Bad People Belong In The Toilet

The Pathetic Pitfalls of Plagiarism (or You Can’t Spell Plagiarism Without “L-iar”)

Bad People Belong In The Toilet

Bad People Belong In The Toilet

plagiarism  [pley-juh-riz-uhm] (noun)

the unauthorized use or close imitation of the language and thoughts of another author and the representation of them as one’s own original work, as by not crediting the author

Definition used is from dictionary.com  (<— see how easy that was)

Plagiarism. Read the word off the page, or better yet, say it out loud and give it more importance…it’s an ugly word. In the last two weeks I have had multiple accounts of plagiarism brought to my attention.

One was from a college professor, who, upon discovering the misconduct contained in a few papers, felt that a bond between him and his students was now broken. He lamented the fact that he now felt he could not have that basic trust for his students that was once there.

There have been more minor happenings (copyright and names taken off of someone’s artwork, cropped art used for websites and internet groups, and unaccredited “borrowing” of other people’s writing.

The most egregious example of this happened to someone I consider to be a hugely beneficial entity in the on-line, as well as real world, pagan/magical world.

Recently, Sarah Lawless of The Witch of Forest Grove found out that entire blog posts of hers had been copied verbatim, some still containing her tags, categories, and even number of comments still intact. Not only was it a clear-cut example of blatant plagiarism, it was sloppy and lazy to boot!

This cannot be tolerated or accepted in this community…in OUR (yours and mine) community! Cannot be, should not be, tolerated!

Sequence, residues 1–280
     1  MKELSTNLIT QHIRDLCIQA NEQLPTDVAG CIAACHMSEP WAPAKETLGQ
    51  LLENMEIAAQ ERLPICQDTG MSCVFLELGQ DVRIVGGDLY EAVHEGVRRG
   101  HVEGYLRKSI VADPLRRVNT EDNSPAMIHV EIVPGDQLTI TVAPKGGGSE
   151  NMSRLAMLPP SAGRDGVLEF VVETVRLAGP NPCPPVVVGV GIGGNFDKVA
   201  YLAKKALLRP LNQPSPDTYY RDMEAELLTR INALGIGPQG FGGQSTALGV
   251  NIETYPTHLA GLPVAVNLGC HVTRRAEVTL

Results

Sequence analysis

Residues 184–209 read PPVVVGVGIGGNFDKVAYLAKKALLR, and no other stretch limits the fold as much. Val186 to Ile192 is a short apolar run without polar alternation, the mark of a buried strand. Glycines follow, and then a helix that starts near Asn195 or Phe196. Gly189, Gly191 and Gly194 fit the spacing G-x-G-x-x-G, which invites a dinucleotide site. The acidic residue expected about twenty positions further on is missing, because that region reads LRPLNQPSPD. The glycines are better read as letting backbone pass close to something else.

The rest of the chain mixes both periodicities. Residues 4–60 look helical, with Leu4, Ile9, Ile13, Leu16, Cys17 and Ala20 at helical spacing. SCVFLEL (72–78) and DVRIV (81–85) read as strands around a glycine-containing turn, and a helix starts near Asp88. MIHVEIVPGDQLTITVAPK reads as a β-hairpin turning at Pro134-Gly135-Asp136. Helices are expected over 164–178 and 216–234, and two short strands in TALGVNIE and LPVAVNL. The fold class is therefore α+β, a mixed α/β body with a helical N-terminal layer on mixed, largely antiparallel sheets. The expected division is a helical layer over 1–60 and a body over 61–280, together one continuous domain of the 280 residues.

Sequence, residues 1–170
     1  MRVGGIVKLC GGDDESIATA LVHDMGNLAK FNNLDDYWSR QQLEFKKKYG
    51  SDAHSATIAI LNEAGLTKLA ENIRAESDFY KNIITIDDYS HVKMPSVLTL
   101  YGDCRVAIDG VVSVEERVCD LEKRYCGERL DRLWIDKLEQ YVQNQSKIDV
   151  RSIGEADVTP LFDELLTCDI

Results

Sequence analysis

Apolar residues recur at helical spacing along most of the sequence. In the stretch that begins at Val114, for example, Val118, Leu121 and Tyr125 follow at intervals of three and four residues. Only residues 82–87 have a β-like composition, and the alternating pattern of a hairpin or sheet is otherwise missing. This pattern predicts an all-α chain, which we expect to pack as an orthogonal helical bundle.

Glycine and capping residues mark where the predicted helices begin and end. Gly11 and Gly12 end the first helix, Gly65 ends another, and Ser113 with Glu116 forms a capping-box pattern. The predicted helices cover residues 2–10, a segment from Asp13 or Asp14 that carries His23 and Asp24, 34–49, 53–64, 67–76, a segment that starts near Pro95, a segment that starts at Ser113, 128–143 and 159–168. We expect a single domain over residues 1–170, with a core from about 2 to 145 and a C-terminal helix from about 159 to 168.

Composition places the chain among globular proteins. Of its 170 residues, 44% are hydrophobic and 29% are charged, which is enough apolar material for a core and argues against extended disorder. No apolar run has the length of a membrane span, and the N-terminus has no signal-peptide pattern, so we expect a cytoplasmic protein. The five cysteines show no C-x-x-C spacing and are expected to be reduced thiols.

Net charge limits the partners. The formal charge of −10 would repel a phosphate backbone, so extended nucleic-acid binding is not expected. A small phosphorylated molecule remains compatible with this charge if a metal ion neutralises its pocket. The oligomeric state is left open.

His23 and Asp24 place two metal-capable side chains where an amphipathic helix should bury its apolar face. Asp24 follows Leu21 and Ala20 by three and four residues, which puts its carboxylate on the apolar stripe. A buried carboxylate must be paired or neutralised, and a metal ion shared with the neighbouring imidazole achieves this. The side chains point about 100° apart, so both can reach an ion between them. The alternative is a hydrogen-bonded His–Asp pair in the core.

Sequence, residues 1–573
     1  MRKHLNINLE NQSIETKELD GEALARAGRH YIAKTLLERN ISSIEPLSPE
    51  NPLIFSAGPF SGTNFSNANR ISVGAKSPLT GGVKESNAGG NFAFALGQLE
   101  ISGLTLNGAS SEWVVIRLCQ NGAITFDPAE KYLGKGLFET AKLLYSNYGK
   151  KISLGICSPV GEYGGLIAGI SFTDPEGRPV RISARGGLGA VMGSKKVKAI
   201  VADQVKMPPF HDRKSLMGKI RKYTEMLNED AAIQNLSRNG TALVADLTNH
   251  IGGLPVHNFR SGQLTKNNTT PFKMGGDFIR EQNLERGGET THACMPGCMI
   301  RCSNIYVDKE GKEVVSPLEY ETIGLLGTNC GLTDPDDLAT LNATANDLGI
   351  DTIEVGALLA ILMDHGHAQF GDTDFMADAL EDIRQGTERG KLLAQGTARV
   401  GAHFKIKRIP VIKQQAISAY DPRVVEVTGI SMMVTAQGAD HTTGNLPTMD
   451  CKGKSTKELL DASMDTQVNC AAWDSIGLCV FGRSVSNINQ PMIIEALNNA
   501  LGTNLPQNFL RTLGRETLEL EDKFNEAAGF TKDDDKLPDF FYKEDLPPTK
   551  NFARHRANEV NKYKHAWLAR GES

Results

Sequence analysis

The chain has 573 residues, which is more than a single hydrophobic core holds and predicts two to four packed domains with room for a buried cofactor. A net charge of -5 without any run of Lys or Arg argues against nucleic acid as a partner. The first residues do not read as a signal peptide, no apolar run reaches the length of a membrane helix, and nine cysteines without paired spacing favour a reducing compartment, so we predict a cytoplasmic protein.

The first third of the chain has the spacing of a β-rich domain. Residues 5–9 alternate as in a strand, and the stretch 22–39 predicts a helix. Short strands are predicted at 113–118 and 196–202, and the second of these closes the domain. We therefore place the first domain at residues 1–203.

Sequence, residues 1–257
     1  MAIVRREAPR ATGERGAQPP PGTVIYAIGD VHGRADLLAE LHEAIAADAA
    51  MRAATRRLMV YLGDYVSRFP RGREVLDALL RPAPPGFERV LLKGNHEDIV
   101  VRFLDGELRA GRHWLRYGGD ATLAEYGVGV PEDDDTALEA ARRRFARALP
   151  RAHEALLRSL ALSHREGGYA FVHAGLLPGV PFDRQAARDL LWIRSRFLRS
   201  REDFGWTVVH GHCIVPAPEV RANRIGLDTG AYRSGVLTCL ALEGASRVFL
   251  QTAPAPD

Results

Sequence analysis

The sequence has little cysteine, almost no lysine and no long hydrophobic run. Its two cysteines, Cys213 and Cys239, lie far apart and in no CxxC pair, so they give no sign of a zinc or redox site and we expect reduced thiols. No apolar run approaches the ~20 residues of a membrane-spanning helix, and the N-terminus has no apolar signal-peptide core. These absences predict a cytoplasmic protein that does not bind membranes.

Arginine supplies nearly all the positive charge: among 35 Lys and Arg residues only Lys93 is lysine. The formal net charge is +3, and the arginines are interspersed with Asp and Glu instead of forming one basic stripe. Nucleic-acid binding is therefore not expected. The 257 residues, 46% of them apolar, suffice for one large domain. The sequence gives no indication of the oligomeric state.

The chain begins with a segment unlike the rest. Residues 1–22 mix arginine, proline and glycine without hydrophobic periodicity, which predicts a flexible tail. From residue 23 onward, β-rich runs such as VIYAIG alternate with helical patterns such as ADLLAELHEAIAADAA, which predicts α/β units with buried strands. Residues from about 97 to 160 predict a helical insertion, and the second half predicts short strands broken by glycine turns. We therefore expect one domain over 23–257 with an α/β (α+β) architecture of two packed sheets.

We are all learning from each other. Books are wonderful, but only bring you so far, or give enough information for you to then cut loose on your own. One of the most beneficial tools we have been given in the last 25 years is, without a doubt, the internet and it’s ability to allow us to communicate with each other. We share ideas, post blog posts on our experiences, write articles on popular sites, and comment on news that directly affects “our people.” It is through this free exchange that we grow stronger and enter the next steps, the next phases, in our personal practices, as well as continue furthering the group as a whole.

There are conventions being formed, discussion groups, pagan charity groups, user forums, open enrollment classes, open coven meet-ups, etc. While there may be some problems with these recent developments, the larger view of this is generally positive. You no longer have to feel alone, wrong, or lost in the woods, searching for a path forever. This is a resource that has the potential to empower our entire group of like-minded individuals, morphing us into an actual connected group that can interact from wherever we may live.